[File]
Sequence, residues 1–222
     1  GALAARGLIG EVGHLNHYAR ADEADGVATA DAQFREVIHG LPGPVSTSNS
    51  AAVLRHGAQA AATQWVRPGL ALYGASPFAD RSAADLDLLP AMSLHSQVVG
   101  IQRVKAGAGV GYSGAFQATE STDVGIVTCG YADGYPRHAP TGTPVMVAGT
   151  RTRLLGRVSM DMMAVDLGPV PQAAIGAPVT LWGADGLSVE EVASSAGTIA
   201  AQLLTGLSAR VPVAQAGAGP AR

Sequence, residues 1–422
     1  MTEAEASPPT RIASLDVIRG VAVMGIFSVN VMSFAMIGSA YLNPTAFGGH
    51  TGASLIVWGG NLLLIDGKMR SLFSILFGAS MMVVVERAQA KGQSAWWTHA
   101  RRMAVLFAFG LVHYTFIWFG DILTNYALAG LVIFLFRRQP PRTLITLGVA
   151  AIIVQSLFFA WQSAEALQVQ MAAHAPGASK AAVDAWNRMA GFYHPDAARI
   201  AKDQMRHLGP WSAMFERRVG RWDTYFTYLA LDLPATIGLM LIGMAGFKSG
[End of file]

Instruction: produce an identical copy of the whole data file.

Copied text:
Sequence, residues 1–222
     1  GALAARGLIG EVGHLNHYAR ADEADGVATA DAQFREVIHG LPGPVSTSNS
    51  AAVLRHGAQA AATQWVRPGL ALYGASPFAD RSAADLDLLP AMSLHSQVVG
   101  IQRVKAGAGV GYSGAFQATE STDVGIVTCG YADGYPRHAP TGTPVMVAGT
   151  RTRLLGRVSM DMMAVDLGPV PQAAIGAPVT LWGADGLSVE EVASSAGTIA
   201  AQLLTGLSAR VPVAQAGAGP AR

Sequence, residues 1–422
     1  MTEAEASPPT RIASLDVIRG VAVMGIFSVN VMSFAMIGSA YLNPTAFGGH
    51  TGASLIVWGG NLLLIDGKMR SLFSILFGAS MMVVVERAQA KGQSAWWTHA
   101  RRMAVLFAFG LVHYTFIWFG DILTNYALAG LVIFLFRRQP PRTLITLGVA
   151  AIIVQSLFFA WQSAEALQVQ MAAHAPGASK AAVDAWNRMA GFYHPDAARI
   201  AKDQMRHLGP WSAMFERRVG RWDTYFTYLA LDLPATIGLM LIGMAGFKSG